A Moment of Silence for Your Cupcake Addiction - Ann Gentry

A Moment of Silence for Your Cupcake Addiction

What would your last meal on Earth be?

Mine would be my grandmother’s signature recipe. She made her Chess Pie in small tin baking pans with three ingredients: eggs, butter, and sugar. I would stand by the oven, making sure I was close enough to feel the warmth but far enough out of the line of the hot door swinging open. She rewarded me with this sweet, rich gooeyness. I can still taste it today.

I don’t think there are too many peeps who don’t remember such sweet love from their childhood memories. You never forget things like this.

And you can never forget the other side of the sugar debate because some people say sugar is the culprit of ALL the evils in the world.

As more awareness about the adverse health effects of consuming table sugar and high fructose corn syrup comes forward, it seems like the multinational food corporations are increasing the amount of sugar in their products. These days you can find sugar in corn chips! 40% of the American population is obese. Ultra-processed foods full of sweeteners are getting the blame.

Recently, I went out to lunch with a friend who ordered an antioxidant salad. At first glance, it looked yummy. The bowl was overflowing with kale and quinoa; two popular ingredients deemed “superfoods.” As all girlfriends who lunch together do, I reached over to have a taste. I wasn’t sure if it was the creamy pomegranate dressing or dried cranberries, but I was soon deep diving into a sugar stupor. Dried cranberries have a natural tartness but are often infused with sugar to mask the flavors of sour crossed with a touch of bitter. Both sour and bitter have a positive effect on gut health by aiding digestion, absorbing nutrients and enhancing our immune system. Unfortunately, the sugar cancels out the promise of infusing your body with antioxidants.

So what’s a girl to do?

Here are three things I wish I would have known sooner about how to decrease sugar consumption.

1. READ THE INGREDIENTS
So often we are in a hurry when it comes to grabbing our next meal, and we don’t stop to look at what we’re buying. I bet you take more time trying on your latest find at TJ Maxx. So, chica, pay attention when you are foraging for your next meal.

Numbers speak the truth on any label. Pay attention to the total amounts of sugars, especially added sugars. It’s the latter that is troublesome. My rule of thumb is when the sugar content is over 5%, I reconsider if it’s worth consuming.

This seems nearly impossible when you’re ordering in a restaurant. If you are in a quick service restaurant that has over 20 locations, they must provide a nutritional breakdown of all their menu items. This information was studied by all diners when the law came out almost a decade ago. Either people don’t know to ask for the list, or they don’t want to know how many calories are in what they eat. So many dishes can have more calories than required for your entire daily intake. When you frequent smaller independent places, take your time and study the menu, read the descriptions, and ask questions of the order taker. Be worried if they don’t know what’s in the dish!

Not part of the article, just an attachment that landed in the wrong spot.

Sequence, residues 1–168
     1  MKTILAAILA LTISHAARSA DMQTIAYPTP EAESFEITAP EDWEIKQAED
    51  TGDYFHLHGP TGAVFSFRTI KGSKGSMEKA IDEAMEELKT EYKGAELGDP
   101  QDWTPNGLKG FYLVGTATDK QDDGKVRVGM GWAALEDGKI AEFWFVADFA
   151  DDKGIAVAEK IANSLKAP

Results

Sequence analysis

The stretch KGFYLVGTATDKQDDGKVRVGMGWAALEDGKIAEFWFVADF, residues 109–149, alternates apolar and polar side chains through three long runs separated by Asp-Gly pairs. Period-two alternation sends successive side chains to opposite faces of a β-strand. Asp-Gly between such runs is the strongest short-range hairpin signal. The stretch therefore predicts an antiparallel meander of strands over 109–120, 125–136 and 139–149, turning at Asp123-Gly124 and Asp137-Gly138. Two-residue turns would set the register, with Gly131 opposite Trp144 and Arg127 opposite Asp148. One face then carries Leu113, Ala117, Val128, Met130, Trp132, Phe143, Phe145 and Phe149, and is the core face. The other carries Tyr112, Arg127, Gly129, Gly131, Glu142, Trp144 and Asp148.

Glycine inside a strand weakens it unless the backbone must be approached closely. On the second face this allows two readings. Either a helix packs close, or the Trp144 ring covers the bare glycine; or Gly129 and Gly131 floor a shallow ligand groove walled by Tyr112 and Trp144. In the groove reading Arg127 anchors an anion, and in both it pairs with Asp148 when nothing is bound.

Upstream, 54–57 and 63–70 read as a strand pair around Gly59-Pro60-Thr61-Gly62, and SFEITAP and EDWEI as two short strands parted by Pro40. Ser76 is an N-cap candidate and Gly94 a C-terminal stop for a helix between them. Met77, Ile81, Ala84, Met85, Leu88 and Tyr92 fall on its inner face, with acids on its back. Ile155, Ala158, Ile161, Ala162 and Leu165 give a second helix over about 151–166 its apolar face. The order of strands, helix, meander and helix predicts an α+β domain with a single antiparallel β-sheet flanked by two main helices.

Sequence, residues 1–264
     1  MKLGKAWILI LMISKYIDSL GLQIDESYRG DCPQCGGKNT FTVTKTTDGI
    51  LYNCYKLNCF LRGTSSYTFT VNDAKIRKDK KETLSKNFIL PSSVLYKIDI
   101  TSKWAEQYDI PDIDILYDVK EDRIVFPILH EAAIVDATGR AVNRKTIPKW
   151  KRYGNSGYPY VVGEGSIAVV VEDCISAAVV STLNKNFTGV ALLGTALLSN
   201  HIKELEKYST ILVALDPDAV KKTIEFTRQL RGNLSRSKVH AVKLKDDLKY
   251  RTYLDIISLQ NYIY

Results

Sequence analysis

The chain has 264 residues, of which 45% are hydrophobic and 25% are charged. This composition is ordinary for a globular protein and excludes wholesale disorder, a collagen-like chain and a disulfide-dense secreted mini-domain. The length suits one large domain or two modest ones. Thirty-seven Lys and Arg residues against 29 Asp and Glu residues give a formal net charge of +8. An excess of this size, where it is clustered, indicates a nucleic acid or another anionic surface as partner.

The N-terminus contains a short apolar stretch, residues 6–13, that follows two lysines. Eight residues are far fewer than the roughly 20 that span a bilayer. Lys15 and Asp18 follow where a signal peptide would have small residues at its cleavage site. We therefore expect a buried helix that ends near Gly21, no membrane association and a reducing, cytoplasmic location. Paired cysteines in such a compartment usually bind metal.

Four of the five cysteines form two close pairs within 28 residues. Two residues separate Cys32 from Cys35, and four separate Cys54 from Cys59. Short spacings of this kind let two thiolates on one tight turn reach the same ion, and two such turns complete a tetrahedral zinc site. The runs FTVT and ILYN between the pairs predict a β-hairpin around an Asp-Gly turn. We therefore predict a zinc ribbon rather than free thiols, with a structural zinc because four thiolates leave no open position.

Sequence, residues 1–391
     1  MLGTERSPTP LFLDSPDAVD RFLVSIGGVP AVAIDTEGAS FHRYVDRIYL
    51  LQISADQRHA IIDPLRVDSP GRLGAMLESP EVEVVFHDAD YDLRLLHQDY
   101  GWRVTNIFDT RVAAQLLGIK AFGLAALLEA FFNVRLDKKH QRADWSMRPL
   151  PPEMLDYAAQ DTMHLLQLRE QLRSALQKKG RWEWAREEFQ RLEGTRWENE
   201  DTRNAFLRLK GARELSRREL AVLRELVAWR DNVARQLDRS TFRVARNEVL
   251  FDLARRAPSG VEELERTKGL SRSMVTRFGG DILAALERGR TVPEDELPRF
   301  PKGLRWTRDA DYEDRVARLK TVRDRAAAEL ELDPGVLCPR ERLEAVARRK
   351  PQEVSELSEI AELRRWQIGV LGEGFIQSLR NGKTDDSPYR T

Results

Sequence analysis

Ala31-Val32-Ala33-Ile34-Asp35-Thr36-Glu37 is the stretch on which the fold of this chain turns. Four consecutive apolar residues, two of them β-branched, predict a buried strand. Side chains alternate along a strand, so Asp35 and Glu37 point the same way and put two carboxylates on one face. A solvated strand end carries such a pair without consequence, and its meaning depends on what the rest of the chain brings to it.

2. COOK AT HOME
This is the best way to know what’s in your food. There is nothing more powerful than cooking for yourself. This is how you heal and change the way you eat. I’ll be talking more about the value of preparing your own food in the months ahead. I am so excited to share with you a program that I have put together to show women how to take control of their own food journey.

3. STAY HYDRATED
Do you know that the part of our brain that controls your appetite can get its wires crossed when we aren’t well hydrated? The hypothalamus convinces us that our hunger pains are for food, when really we may just need a little H2O. Before raiding the fridge, slow down, take a breath, and drink a glass of water or two. Then decide if you just need more water, or it’s time to eat.
An extra bonus of being hydrated is that it can curb your appetite, causing you to eat less. It’s a win-win when you drink enough water.

Check out a new documentary series called Broken Bread. Roy Choi explores social justice issues through topics dealing with food deserts, food waste, and sustainability.

Choi compared junk food to cartoons. It’s something we do sometimes NOT all the time.
I couldn’t agree more. I’m not suggesting you give up sugar for forever. Giving up any one food or category of food is NOT realistic. A noble attempt but why rob yourself of a controllable pleasure.

The last time I talked about sugar on my blog, a woman wrote to me and said, it is different and challenging for her. She told me sugar ruled her world, and she could not stop eating it. She suggested I start a 12-step program for sugar addicts. I told her to search online (the answer for all things these days) for such a program. I also told her to give these three simple actions steps a try.

And you can too. Start by reading labels, cooking at home, and whooshing down more H2O. It’s a smooth start. Keep me posted. I’d love to hear how it is going for you.

In good health,
Ann

P.S. June is Alzheimers and Brain Awareness Month. I’ve teamed up with Maria Shriver and the Women’s Alzheimer’s Movement 
In a campaign on Instagram. #tagabrain.  I invite you to tag someone who is using their brain to make a difference, no matter how big or small. Watch to see who I tagged. #tagabrain

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